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Jupyter widgets for human in the loop data science

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You can use Jupyter widgets to build user interfaces for controlling data science pipelines.

In this talk, I show how widgets can be used to enhance your data science workflow by allowing you to concentrate on visualizations and abstrations rather than the minutiae of translating your thoughts into code. I talk through several widgets that we use every day at ASI Data Science.

Published in: Data & Analytics
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Jupyter widgets for human in the loop data science

  1. 1. ASI Data Science is a London-based data science consultancy
  2. 2. About me — Committer for Jupyter widgets — Main author of jupyter-gmaps, a library for visualizing geographical data in Jupyter notebooks — Author of Scala for data science (Packt Publishing)
  3. 3. Jupyter widgets for human-in-the-loop data science
  4. 4. Developing machine learning software is hard
  5. 5. Developing machine learning software is hard — almost always stochastic — often black box
  6. 6. Developing machine learning software is hard — robustness — overfitting — overreliance on certain features or groups of features
  7. 7. Traditional software development workflows are inadequate
  8. 8. Human intuition It should be easy for humans to explore the model.
  9. 9. Human intuition Computers think in terms of bytes and instructions, and humans think in terms of concepts and images.
  10. 10. Human intuition We need a framework to rapidly create UIs that allow the human to think at a higher level of abstraction. The UI should not be a black box.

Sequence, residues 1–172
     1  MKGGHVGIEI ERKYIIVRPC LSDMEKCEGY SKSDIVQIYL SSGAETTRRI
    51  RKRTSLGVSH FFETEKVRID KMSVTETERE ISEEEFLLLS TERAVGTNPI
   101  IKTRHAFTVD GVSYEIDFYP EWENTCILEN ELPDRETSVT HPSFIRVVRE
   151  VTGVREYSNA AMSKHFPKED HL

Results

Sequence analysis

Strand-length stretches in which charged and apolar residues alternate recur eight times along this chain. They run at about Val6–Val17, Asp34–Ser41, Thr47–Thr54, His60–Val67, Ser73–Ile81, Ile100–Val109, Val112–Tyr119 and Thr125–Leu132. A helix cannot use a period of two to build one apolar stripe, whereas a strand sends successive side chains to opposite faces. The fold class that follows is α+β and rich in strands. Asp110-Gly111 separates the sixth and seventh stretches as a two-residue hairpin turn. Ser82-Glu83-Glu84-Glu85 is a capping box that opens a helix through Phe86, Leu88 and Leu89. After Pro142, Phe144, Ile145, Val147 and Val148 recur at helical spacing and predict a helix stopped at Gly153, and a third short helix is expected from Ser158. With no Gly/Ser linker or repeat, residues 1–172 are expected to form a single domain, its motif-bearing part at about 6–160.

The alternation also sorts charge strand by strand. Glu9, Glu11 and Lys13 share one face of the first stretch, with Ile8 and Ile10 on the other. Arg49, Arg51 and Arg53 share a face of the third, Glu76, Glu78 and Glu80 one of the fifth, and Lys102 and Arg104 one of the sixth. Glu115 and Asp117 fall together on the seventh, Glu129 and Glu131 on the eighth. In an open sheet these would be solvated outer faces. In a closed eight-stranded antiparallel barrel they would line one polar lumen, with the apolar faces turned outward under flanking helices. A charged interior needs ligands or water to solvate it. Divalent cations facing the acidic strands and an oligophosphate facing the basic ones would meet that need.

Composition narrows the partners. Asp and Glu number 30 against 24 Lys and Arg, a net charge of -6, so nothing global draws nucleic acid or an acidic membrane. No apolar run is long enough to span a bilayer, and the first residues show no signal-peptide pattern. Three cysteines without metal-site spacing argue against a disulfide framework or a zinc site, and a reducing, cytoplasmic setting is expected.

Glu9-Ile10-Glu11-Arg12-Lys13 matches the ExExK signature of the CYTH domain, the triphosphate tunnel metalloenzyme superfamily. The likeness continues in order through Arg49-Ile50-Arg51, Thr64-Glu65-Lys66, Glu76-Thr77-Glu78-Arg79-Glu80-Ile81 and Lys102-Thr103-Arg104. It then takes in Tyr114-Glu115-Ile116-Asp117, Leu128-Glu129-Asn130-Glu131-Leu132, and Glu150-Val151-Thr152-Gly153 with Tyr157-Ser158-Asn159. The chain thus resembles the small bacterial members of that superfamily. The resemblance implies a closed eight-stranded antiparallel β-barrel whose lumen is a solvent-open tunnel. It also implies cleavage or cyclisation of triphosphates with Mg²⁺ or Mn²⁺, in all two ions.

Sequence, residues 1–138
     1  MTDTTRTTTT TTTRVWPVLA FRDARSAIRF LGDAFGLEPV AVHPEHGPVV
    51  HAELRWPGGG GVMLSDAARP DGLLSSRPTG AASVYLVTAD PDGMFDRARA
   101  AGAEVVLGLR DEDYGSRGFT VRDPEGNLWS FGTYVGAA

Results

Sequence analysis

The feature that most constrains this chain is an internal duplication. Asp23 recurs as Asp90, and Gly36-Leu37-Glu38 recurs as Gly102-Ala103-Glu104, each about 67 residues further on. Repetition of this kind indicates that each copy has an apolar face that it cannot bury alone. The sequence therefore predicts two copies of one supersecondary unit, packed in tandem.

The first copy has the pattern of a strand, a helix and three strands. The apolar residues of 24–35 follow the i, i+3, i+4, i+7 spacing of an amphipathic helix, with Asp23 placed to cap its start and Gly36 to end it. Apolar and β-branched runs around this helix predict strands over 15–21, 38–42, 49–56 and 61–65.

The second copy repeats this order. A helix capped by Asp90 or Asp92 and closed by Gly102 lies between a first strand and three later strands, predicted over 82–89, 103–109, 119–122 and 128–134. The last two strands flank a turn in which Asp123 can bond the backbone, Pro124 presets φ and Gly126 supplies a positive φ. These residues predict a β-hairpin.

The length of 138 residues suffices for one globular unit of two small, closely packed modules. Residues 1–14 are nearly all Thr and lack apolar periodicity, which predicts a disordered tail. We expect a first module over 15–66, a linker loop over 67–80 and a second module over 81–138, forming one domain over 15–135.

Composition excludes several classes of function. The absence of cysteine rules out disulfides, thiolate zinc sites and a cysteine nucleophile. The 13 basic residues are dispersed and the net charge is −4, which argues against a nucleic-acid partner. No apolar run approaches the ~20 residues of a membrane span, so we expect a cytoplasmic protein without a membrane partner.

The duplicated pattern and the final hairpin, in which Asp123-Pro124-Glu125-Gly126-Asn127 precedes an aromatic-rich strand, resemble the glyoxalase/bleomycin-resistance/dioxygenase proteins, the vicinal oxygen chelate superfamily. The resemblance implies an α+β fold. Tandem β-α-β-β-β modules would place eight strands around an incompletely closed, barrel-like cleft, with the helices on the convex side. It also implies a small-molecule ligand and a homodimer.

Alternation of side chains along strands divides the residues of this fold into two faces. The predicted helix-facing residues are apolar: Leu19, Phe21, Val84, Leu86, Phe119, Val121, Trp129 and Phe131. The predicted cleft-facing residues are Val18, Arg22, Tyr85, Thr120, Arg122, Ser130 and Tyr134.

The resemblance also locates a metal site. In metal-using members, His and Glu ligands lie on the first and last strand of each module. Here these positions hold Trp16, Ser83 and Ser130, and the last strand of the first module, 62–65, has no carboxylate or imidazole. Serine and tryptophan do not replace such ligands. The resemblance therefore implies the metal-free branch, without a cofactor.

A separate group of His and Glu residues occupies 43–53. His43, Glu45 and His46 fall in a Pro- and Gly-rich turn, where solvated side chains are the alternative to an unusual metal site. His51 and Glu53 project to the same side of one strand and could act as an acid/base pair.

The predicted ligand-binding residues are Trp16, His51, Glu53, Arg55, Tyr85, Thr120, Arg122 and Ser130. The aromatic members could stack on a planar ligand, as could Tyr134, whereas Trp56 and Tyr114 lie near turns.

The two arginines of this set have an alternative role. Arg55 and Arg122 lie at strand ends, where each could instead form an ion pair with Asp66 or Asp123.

11. 11. Jupyter widgets
  12. 12. Jupyter widgets allow building user interfaces entirely in Python, directly in Jupyter notebooks.
  13. 13. Build user interfaces in Python directly in Jupyter notebooks
  14. 14. Examples
  15. 15. Jupyter widgets — Jupyter widgets are written entirely in Python — They are written in the environment the data scientist is currently working in — Widgets have access to the entire state of the notebook
  16. 16. Ecosystem
  17. 17. Core: ipywidgets
  18. 18. bqplot
  19. 19. ipyleaflet and gmaps
  20. 20. qgrid
  21. 21. ipyvolume
  22. 22. Learning about widgets — mlviz: visualising machine learning algorithms with Jupyter widgets and bqplot. — Jupyter widgets tutorial — Coding a simple widget from scratch: video and code — Jupyter widgets documentation
  23. 23. Libraries used in this talk — ipywidgets — bqplot — gmaps — lens — superintendent
  24. 24. Use widgets to reduce friction at the human computer interface
  25. 25. Acknowledgements — Jupyter widgets developers: Jason Grout, Sylvain Corlay, Maarten Breddels, Matt Craig, Vidar Tonaas Fauske — ASI Data Science — Chakri Cherukuri (ChakriCherukuri) — Victor Zabalza (zblz) and Scott Stevenson (srstevenson) — Jan Freyberg (janfreyberg) — SherlockML

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